January 5, 2016
Better Way to Think About Leadership
by Colin Baird
Leadership is measured through tools like ROI and EBIT, but they only look at the tangible. Kaizen helps focus on the intangible, too.
In “Colin’s Kaizen Corner”–a 26-part learning series, I explain the principles of kaizen, lean manufacturing and respect for people — each a cornerstone for transforming a culture, improving productivity and implementing a continuous improvement program.
In addition, each week I’ll digest a principle of kaizen to achieve these outcomes, explain what we’re doing today, what happens when we get it wrong, what happens when we do it better and why it matters today more than ever, to stay on a continuous journey of improvement.
The value of a new corporate improvement or strategic acquisition is easily estimated for most investors. Calculating future anticipated cash flows, measured over a specific period in today’s dollars, yields the improvement’s net present value.
But leadership isn’t so easily measured, nor is the future value that an effective or ineffective leader begets.
Sure, tools like return on investment (ROI) and earnings before interest and taxes (EBIT) help us measure whether executives are investing money wisely to maximize dollars that may sustain the future of the company. But the tools are based solely on what we know, not what we don’t. Of course, there’s no way to value something you don’t know exists; that is, until someone discovers it does.
Valuing human productivity and the intrinsic satisfaction employees receive from being able to do their jobs well doesn’t show up anywhere on even the most complex of income statements. Neither does the value created or destroyed from a lifetime of leaders who either nurtured man’s most important attributes, or ruined them altogether.
The problem is that ROI, EBIT and similar tools do nothing to help place a value on, and encourage, man’s discovery of the unknown. To identify and fix that which isn’t broken. To look outside the box.
It is this intrinsic curiosity-our yearning for learning-that makes us unique within the mammalian class. We aren’t just members of a “clade of endothermic amniotes distinguished from reptiles and birds by the possession of hair, three middle ear bones, mammary glands and a neocortex” (as Wikipedia defines mammals). Nor do we just survive on instinct as other mammals do.
We’re provided with daily opportunities to detect and correct errors in our thinking. Our intrinsic yearning for learning constantly encourages us to explore that which we think we understand.
Man has the choice to continuously improve upon his own knowledge base, or demand that others accept pre-determined answers-a radical difference in leadership style between those who lead by kaizen and those who lead by control.
Like scientific discovery, effective leadership creates for the curious a culturally acceptable and true belief in the ignorance of experts.
But man’s creativity and curiosity still don’t show up as direct value or loss through the eyes of a customer. And they’re certainly not measurable; that is, without the proper tools.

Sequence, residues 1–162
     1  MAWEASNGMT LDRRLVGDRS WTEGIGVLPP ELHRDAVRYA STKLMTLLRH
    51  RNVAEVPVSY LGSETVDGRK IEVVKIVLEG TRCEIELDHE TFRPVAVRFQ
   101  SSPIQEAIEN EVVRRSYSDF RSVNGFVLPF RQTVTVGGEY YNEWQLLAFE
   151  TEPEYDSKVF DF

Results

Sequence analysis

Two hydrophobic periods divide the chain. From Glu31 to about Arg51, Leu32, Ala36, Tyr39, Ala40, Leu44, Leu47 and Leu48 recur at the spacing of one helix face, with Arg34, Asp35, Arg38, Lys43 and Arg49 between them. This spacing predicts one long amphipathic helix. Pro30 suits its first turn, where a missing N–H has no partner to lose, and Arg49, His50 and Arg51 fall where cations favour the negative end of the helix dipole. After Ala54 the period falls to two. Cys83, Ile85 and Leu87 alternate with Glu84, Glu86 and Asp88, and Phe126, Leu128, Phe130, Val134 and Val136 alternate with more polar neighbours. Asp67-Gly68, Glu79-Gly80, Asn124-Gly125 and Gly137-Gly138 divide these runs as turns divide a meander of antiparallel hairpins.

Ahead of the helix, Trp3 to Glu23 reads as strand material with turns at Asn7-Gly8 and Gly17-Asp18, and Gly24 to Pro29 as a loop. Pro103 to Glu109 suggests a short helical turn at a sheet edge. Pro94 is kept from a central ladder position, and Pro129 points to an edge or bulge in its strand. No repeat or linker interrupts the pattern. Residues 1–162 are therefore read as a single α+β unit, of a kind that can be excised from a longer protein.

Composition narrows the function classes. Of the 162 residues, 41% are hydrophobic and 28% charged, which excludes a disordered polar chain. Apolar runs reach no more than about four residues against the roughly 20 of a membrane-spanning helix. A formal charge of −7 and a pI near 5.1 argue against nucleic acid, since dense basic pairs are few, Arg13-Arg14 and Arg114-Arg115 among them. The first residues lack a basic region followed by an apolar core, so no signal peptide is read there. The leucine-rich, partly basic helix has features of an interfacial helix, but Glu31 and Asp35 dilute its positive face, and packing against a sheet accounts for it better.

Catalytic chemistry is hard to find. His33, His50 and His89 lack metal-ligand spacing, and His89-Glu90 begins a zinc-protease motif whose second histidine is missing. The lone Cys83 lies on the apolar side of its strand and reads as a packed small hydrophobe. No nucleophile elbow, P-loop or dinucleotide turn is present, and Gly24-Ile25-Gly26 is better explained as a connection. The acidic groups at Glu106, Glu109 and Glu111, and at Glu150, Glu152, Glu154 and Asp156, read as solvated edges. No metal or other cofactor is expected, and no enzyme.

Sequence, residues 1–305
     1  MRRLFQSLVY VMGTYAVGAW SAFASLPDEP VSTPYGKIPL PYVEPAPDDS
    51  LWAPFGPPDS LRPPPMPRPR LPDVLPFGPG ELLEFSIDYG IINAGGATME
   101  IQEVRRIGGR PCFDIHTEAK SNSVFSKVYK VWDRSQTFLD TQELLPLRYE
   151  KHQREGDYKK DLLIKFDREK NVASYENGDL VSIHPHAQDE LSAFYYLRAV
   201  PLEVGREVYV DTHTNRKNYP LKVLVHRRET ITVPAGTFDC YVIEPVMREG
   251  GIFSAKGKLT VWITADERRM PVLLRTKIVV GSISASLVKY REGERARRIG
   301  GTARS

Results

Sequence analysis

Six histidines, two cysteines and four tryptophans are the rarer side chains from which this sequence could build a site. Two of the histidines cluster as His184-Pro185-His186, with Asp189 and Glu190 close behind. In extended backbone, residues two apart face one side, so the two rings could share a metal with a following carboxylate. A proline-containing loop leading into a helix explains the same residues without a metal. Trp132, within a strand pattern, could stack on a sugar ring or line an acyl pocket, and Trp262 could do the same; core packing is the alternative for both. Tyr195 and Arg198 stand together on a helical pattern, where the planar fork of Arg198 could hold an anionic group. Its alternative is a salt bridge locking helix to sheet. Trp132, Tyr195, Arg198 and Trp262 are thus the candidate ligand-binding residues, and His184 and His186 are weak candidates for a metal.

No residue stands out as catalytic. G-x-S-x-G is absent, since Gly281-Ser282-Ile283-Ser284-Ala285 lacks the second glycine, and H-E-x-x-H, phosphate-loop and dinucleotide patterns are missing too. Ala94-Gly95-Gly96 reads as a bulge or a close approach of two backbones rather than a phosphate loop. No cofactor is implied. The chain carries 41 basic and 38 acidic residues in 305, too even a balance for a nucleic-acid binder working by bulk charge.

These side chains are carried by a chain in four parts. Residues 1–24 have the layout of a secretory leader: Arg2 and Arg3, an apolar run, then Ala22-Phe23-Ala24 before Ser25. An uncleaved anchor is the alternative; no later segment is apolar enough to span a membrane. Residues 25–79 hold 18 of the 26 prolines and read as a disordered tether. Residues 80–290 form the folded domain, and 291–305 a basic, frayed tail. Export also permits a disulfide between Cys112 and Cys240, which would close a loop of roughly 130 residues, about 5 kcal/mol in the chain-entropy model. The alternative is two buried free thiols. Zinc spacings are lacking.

And that’s why ROI and EBIT — the preferred tools for modern investing and modern valuation — are precisely the wrong tools for measuring human productivity, the value of an acquisition and the value of a business itself.
For if human capacity is assumed to be x, and man’s true capacity is actually y, without regular corporate and personal discovery neither man nor machine gets its best chance at material improvement.
Using ROI and EBIT, we’ve created a culture of mind-numbed business robots. Really smart children, teenagers and adults, being robbed of their intrinsic motivation because of diminishing human valuations. It’s as if they were rusting old farm equipment, with just a few years of straight line depreciation left on an otherwise highly appreciable asset.
Nothing could be further from the truth. People have exponential value.
Years of poor parenting, leadership, primary education systems and business school professors have finally brought our chickens home to roost. In fact, as Dr. W. Edwards Deming said nearly 50 years ago, if the U.S. wanted to destroy a country, then all it had to do was export its business management and leadership practices.
Today, we know the enemy even better, and it is still us.
An enemy where large lots of wasteful activities exist, yet few executives are visible to help employees improve; an enemy where waste prevents employees from doing their jobs with purpose, joy, accuracy and speed.
Sadly, more executives today than ever before are searching for value within a spreadsheet or income statement. We fail one another when we refuse to look for loss at the precise location where value is created and where crimes of waste are most frequently reported.
To create a better opportunity for human development and true personal productivity, let’s turn to respect. Because respect leads productivity by a long shot as the single most important aspect of man’s institutional existence.
Let’s provide an institutional daily dose of improvement that is eloquently simple: Continuously help me change, and always help me make it for the better. Because good change nurtures and replenishes my mind, heart, body and soul‘s constant need for continuous improvement.
By appreciating systems thinking and human psychology-only two parts of a four-part system, but integral components nonetheless-we can easily find opportunities for mankind to improve.
An entirely new system, which identifies what value means to customers rather than stakeholders, can easily bring about a different culture. A culture that even our most seasoned leaders currently don’t believe in, currently can’t measure and clearly don’t currently understand. A culture that should be helping everyone improve that which we cannot see or measure.